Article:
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Mycobacterial Diseases
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Mycobacterium abscessus Urinary Infection in Hypertensive Patient: A Case Report

B. Traoré1* , S Fongoro2, LG Timbiné1 , D Diallo2, A Touré1 , K Djiguiba2, H Yattara2, B Kouriba1 and S Diallo1

1Centre Infectiology Charles Mérieux Mali, Rue du Docteur Charles Mérieux -Ex Air Base, Bamako, Mali

2Nephrology Department, CHU Point G, Bamako, Mali

Corresponding Author:
Traoré B
Centre Infectiology Charles Mérieux Mali
Rue du Docteur Charles Mérieux -Ex Air Base, Bamako, Mali
Tel: (00223)20225154
E-mail: [email protected]

Received Date: August 15, 2016; Accepted Date: September 20, 2016; Published Date: September 26, 2016

Citation: Traoré B, Fongoro S, Timbiné LG, Diallo D, Touré A, et al. (2016) Mycobacterium abscessus Urinary Infection in Hypertensive Patient: A Case Report . Mycobact Dis 6:224. doi:10.4172/2161-1068.1000224

Copyright: © 2016 Traoré B, et al. This is an open-access article distributed under the terms of the Creative Commons Attribution License, which permits unrestricted use, distribution, and reproduction in any medium, provided the original author and source are credited.

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Mycobacterium abscessus is a common non tuberculous mycobacterium associated with diseases in patients with underlying conditions. The diagnosis is often missed in resource limited settings. We reported a case of M. abscessus in a patient with renal failure. A young female patient admitted at the hospital for kidney failure was diagnosed with malignant hypertension based on clinical and laboratory findings. Over the course of hospitalization, the patient presented hematuria and leukocyturia and the urine culture was positive for acid-fast bacilli. Empirically antituberculous treatment given to the patient was changed to clarithromycin after confirmation of M. abscessus by probe line hybridization assay. Favorable outcome was achieved with regression of symptoms and the decrease of the serum creatinine level. In patients with underlying conditions, differential diagnosis should be considered particularly in resource limited settings.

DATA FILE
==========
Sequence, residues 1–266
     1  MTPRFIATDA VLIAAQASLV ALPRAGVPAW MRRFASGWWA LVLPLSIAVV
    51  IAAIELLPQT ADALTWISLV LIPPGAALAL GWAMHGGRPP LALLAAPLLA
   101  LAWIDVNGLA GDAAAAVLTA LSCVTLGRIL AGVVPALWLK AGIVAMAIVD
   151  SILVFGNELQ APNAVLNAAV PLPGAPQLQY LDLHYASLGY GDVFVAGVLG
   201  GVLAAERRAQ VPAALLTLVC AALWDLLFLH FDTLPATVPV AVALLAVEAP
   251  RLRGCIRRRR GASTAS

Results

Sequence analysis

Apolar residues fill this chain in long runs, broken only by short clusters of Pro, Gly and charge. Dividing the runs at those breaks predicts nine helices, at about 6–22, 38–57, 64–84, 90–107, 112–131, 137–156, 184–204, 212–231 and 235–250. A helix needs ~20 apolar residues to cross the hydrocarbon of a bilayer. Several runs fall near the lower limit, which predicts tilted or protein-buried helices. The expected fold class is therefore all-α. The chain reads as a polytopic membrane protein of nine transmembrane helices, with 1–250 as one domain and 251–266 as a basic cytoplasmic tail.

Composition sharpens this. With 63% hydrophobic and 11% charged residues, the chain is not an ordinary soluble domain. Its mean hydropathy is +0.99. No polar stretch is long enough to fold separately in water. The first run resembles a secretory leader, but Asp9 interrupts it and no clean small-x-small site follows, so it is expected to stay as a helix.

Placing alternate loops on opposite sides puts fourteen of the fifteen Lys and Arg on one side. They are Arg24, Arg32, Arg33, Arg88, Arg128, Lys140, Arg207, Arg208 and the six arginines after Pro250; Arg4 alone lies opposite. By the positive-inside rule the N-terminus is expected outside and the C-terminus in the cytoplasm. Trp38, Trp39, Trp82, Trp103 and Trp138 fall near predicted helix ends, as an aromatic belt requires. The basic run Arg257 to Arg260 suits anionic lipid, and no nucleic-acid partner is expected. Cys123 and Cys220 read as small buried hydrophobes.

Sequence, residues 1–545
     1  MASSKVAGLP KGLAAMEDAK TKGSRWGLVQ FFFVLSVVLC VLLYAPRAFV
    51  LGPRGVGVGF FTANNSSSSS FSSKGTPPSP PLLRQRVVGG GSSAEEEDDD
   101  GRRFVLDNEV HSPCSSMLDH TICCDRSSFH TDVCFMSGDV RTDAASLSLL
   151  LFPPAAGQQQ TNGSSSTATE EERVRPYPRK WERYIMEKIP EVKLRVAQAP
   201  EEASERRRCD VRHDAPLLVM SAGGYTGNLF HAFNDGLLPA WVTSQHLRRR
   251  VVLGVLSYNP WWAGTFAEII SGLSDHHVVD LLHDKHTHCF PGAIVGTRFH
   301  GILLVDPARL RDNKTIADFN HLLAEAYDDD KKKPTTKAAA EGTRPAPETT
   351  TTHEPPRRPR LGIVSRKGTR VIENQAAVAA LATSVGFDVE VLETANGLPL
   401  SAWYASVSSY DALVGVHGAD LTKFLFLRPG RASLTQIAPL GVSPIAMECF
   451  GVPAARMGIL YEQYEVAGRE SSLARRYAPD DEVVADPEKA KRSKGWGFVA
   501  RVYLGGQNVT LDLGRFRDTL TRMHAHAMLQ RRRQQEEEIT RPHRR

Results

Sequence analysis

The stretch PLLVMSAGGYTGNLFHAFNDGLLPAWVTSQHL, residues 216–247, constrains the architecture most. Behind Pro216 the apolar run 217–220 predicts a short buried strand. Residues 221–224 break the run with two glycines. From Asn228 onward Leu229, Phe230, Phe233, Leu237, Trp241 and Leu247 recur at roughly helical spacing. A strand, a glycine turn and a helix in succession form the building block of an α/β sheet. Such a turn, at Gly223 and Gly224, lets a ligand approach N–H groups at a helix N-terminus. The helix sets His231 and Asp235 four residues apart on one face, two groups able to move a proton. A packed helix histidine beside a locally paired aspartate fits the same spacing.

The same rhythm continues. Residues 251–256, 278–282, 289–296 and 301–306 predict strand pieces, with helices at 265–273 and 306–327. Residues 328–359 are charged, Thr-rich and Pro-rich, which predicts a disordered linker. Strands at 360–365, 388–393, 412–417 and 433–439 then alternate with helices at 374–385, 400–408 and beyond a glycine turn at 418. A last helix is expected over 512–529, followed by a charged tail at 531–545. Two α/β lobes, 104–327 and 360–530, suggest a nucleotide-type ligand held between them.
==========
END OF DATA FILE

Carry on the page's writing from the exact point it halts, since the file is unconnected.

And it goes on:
Mycobacterium abscessus (M. abscessus) is a common rapid growing mycobacterium associated with pulmonary infection in patients with chronic lung disease. Skin, soft tissue and disseminated infections are rare, occurring mostly in patients with underlying conditions [1]. We reported a case of urinary tract infection with M. abscessus in a young hypertensive female patient and discussed the therapeutic option for this case.



The case patient is a 22 years old female secretary hospitalized on April first 2014 for kidney failure discovered during a blood pressure assessment in a context of headache, nausea, vomiting, and tinnitus. At the time of admission, the blood pressure was 240/130 mmHg, tachycardia 113 beats/minute. There was no history of previous major illness. The clinical picture evoked malignant hypertension. The diagnosis was confirmed by the presence of exudates and hemorrhages in the eye fundus examination, and a concentric hypertrophic cardiomyopathy with kidney of normal size at ultrasounds exam.

Initial laboratory findings on hospital admission

Laboratory tests showed serum creatinine at 2397 μmol/l, urea 60.6 mmol/l, the hemoglobin level at 7.6 g/dl with normal platelet count, dyslipidemia with total cholesterol and triglycerides respectively at 266 mg/dl and 185 mg/dl. The urine sample showed hematuria (667000/ ml), leukocyturia (260000/ml). The culture was sterile for other bacteria but showed the presence of numerous acid-fast bacilli on Lowenstein Jensen solid medium and the BacTAlert 3D liquid medium after Ziehl- Nielsen staining. The patient was then treated for malignant hypertension and urogenital tuberculosis with angiotensinconverting enzyme inhibitors and calcium channel blockers. The antitubercular therapy adapted to renal function with rifampicin, isoniazid, pyrazinamide, and ethambutol was established. With the regression of symptoms, the patient was discharged on April 28th 2014 after four weeks of hospitalization.

Clinical course